Notes

Conflict of interest

The authors declare no conflicts of interest.

Editorial responsibility

This submission was handled by Dr. Hilary P. Grocott, Editor-in-Chief, Canadian Journal of Anesthesia.

Author contributions

Sabrina Juran originally conceived of the article and its structure and co-wrote the initial drafts. Magdalena Gruendl helped with significant contributions to the manuscript, including concepts, structure, and wording, and also co-wrote initial drafts and formatted references. Isobel H. Marks helped with significant contributions to the manuscript, including concepts, structure, and wording, and also co-wrote initial drafts. P. Niclas Broer, Jose Miguel Guzman, Justine Davies, Mark Shrimer, Walter Johnson, Hampus Holmer, Gregory Peck, Emmanuel Makasa, Lars Hagander, Stephanie J. Klug, John G. Meara, and Adrian W. Gelb helped with significant contributions to the manuscript, including concepts, structure, and wording. These authors also reviewed the draft. David Ljungman originally conceived of the article and its structure and co-wrote the initial drafts.

Funding sources

David Ljungman is funded by the Fulbright Commission, Swedish Medical Society, Björnsson Foundation, Sweden-America Foundation, and Adlerberth Research Foundation. John G. Meara is supported by an unrestricted grant from General Electric Foundation.

References

  1. 1.
    Price R, Makasa E, Hollands M. Resolution 68.15. Strengthening emergency and essential surgical care and anesthesia as a component of universal health coverage - addressing the public health gaps arising from lack of safe, affordable and accessible surgical and anesthetic services. World Health. Organization 2015; 39: 2115-25.Google Scholar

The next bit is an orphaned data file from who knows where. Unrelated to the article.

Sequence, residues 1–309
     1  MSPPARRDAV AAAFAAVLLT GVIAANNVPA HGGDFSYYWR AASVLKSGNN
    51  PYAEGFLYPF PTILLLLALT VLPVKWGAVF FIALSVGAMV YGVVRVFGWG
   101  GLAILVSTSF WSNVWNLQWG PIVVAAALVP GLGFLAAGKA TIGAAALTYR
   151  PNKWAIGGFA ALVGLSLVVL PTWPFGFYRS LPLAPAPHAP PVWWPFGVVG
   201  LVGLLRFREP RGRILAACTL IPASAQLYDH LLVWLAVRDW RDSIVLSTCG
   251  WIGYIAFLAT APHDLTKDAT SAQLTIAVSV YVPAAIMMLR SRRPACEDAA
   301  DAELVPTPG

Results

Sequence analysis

2. 2.
    Meara JG, Leather AJ, Hagander L, et al. Global Surgery 2030: evidence and solutions for achieving health, welfare, and economic development. Lancet 2015; 386: 569-624.CrossRefGoogle Scholar
  3. 3.
    Shrime MG, Bickler SW, Alkire BC, Mock C. Global burden of surgical disease: an estimation from the provider perspective. Lancet Glob Health 2015; 3(Suppl 2): S8-9.CrossRefGoogle Scholar
  4. 4.
    Alkire BC, Raykar NP, Shrime MG, et al. Global access to surgical care: a modelling study. Lancet Glob Health 2015; 3: e316-23.CrossRefGoogle Scholar
  5. 5.
    Huber B. Finding surgery’s place on the global health agenda. Lancet 2015; 385: 1821-2.CrossRefGoogle Scholar
  6. 6.
    Weiser TG, Haynes AB, Molina G, et al. Size and distribution of the global volume of surgery in 2012. Bull World Health Organ 2016; 94: 201-9FGoogle Scholar
  7. 7.
    Mock CN, Donkor P, Gawande A, et al. Essential Surgery: Key Messages from Disease Control Priorities, 3rd Edition. Lancet 2015; 385: 2209-19.Google Scholar
  8. 8.
    Shrime MG, Dare AJ, Alkire BC, et al. Catastrophic expenditure to pay for surgery worldwide: a modelling study. Lancet Glob Health 2015; 3(Suppl 2): S38-44.CrossRefGoogle Scholar